As part of our work to improve gender equality, SCC has done a cross-country analysis, using data from 106 countries, of the impact of gender on standardization. This groundbreaking research is captured in SCC’s new report When One Size Does Not Protect All: Understanding Why Gender Matters for Standardization.
Standards specify how to do, test, or identify something. They have been referred to as invisible infrastructure. SCC has found compelling evidence that standards are not protecting women as well as they are protecting men. Our research shows that the benefits of standardization for health and safety are not gender neutral. This has implications.
SCC’s research, outlined in the report, shows that countries which are more involved in standardization experience fewer unintentional male deaths. As a country’s participation in standardization increases, the number of men who die as a result of unintentional injuries decreases. When the analysis was repeated to determine the impact of participation in standardization on the number of unintentional deaths of women, there was no impact. Unlike for men, increasing participation in standardization is not associated with a decline in the number of women who die as a result of unintentional injuries.
When it comes to standardization, we’ve always known - anecdotally - that the benefits of health and safety standards are not gender neutral,” said Chantal Guay, CEO of SCC. “For example, throughout the pandemic we have heard reports of women health care workers being at a higher risk of contracting COVID because of ill-fitting Personal Protective Equipment. Thanks to SCC’s groundbreaking research, we now have concrete evidence to share with the world – to move us forward.”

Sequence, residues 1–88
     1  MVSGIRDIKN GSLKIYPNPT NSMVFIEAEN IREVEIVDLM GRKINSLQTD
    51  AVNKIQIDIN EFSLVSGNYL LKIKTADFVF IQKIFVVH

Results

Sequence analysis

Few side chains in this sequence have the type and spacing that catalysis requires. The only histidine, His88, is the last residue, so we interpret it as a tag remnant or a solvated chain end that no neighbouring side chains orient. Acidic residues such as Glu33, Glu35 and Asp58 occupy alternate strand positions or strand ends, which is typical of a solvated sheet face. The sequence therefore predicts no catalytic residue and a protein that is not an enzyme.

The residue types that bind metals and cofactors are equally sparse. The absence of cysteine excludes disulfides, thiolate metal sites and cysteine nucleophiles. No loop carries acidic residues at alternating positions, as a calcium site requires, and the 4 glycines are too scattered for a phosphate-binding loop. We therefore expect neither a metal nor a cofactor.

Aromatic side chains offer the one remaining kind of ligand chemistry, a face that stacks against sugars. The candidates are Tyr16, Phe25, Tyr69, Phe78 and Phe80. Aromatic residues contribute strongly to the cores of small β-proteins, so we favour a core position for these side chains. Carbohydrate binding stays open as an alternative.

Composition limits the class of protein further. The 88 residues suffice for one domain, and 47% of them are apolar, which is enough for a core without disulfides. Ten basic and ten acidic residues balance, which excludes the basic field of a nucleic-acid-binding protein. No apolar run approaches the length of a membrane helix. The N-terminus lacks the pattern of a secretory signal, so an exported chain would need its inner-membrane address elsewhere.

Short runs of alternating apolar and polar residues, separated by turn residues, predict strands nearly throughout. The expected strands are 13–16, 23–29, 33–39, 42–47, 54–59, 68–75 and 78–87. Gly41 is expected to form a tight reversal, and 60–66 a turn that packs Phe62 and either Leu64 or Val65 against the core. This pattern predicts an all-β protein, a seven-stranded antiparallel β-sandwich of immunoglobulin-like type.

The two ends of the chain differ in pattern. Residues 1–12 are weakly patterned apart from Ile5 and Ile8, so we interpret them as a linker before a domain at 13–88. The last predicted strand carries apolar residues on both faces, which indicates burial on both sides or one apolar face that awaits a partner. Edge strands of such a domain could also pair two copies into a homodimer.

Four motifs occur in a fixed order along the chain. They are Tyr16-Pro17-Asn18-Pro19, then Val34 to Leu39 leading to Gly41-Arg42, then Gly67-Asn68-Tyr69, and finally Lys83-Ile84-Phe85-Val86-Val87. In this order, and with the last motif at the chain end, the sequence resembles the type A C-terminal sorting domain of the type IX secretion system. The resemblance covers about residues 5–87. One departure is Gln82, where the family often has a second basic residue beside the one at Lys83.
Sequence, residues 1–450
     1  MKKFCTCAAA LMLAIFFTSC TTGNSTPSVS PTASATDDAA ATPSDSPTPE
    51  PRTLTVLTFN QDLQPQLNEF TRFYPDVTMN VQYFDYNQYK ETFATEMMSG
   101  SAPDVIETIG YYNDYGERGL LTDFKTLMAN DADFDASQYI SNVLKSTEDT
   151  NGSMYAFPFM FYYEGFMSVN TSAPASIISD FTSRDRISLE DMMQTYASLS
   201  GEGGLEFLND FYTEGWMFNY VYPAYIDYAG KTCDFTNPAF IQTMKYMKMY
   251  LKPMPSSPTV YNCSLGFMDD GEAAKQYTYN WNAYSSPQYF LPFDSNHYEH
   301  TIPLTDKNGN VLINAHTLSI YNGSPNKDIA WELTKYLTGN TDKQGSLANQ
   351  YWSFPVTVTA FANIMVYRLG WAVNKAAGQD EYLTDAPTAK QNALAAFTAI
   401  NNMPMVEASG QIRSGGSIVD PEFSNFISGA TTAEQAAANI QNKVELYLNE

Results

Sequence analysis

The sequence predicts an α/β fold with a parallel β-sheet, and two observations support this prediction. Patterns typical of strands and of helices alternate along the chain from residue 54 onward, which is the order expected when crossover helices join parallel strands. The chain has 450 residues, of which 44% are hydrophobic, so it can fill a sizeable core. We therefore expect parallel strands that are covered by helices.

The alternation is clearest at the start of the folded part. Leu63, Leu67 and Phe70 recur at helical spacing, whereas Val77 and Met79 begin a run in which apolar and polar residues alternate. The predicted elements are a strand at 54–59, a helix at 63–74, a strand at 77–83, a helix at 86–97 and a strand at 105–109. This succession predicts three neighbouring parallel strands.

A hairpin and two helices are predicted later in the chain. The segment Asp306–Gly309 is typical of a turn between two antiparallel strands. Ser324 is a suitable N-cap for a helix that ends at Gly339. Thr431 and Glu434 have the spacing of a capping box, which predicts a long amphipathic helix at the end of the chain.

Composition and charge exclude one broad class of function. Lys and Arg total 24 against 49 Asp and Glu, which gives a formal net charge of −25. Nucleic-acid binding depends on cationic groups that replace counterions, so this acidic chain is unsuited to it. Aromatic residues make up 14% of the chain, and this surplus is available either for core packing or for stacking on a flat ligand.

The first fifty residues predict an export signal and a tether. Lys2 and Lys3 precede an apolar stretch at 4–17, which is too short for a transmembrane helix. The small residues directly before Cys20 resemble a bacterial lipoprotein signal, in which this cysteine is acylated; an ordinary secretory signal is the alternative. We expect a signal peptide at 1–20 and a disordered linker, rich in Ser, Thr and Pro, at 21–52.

Standards are a force for good in societies, ensuring that products, services and processes work as intended. They support economic growth, facilitate trade, and play a role in protecting health and safety. By taking action to ensure that standards are gender responsive, those responsible for standards development will magnify the positive impact they can have on society as a whole.
What is SCC doing?
In 2019, SCC became one of the first national standards organizations to publish a five-year strategy to improve gender equality in standards aligned with the United Nations Declaration for Gender Responsive Standards. Since then, we have been striving to establish a standardization system that is inclusive and equal, regardless of gender.
Recognizing the importance of considering gender in standards development, SCC – along with other national standards bodies, standards development organizations and international organizations – has signed the UNECE Declaration for Gender Responsive Standards and Standards Development. Additionally, SCC’s gender strategy emphasizes:
- Increasing the participation of women on technical committees;
- Building gender expertise into the standards development process; and
- Conducting sound research into the impact of gender on standardization.